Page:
The export dashboard looking at the most recent official trade statistics was published today. The latest data shows goods exports rose in the month of March but this was not enough to offset weakness earlier in the quarter.
Analysis and dashboard first published in today's Daily Telegraph
Last Friday the Office for National Statistics released trade figures for March along with the first quarterly trade statistics for the year.
The data again presents a mixed picture of export performance, with some bright spots against a continued decline in the value of goods exports.
Total goods exports rose a healthy 4.9% in the month of March 2014, but this improvement was not enough to offset weakness earlier in the quarter resulting in overall goods exports falling in Q1 2014. Therefore, these figures imply net exports will be a drag on growth in the first quarter of 2014.
Positively, we saw another narrowing of the goods trade deficit in the first quarter of this year, driven by an improvement in the trade balance with EU countries. However, as with last month, this quarterly improvement was once again driven by goods imports falling at a faster pace than goods exports.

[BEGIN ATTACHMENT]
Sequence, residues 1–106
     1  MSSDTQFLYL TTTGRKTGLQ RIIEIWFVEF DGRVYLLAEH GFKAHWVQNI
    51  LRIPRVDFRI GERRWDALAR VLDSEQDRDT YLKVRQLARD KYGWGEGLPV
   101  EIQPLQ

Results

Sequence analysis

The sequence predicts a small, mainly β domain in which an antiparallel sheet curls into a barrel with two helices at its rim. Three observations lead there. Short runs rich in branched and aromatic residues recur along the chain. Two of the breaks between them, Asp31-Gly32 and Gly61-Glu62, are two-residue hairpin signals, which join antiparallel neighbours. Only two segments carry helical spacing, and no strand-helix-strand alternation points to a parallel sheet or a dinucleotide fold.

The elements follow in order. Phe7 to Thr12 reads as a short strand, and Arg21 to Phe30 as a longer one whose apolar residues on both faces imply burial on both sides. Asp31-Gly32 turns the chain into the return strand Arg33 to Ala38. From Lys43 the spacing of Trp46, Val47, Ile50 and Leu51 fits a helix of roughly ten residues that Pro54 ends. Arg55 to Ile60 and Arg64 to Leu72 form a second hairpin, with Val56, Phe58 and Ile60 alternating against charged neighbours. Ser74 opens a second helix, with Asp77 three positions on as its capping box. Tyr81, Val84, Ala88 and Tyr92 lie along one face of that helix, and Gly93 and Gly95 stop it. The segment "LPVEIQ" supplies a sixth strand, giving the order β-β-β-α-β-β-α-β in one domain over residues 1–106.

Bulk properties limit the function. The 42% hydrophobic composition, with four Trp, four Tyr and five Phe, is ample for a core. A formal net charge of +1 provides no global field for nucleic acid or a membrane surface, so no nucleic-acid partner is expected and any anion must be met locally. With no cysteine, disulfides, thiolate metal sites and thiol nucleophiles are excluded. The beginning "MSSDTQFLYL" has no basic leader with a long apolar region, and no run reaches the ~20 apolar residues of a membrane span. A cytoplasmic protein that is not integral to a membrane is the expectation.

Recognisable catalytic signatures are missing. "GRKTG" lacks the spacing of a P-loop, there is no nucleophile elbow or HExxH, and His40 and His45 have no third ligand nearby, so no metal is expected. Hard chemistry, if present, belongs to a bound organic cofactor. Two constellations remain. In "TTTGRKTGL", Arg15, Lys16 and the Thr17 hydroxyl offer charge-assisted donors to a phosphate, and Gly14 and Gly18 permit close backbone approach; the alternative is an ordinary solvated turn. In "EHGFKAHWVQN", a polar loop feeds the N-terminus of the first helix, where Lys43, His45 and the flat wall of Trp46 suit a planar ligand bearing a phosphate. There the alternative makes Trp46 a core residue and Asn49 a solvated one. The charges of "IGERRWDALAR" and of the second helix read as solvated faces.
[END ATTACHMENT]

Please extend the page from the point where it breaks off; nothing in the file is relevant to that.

Industrial production figures were also released last week and showed strong momentum in the manufacturing sector, which is responsible for approximately half of the UK's overall exports.
This strength has led to manufacturing output reaching its highest level in more than two-and-a-half years and highlights the sector's pivotal role in supporting the UK's recovery.
EEF's Executive Survey 2014 and Business Trends Survey show manufacturing firms are confident of further production gains throughout the course of this year. Not content to just wait and see how export demand develops, manufacturing executives are actively seeking to improve their opportunities overseas and minimise risks and uncertainty.
Building resilience by selling into new markets and actively boosting their marketing efforts overseas are some of the ways in which manufacturers are responding to the economic environment.
Boosting UK exports will require continued and concerted action from businesses as well as consistent support from government.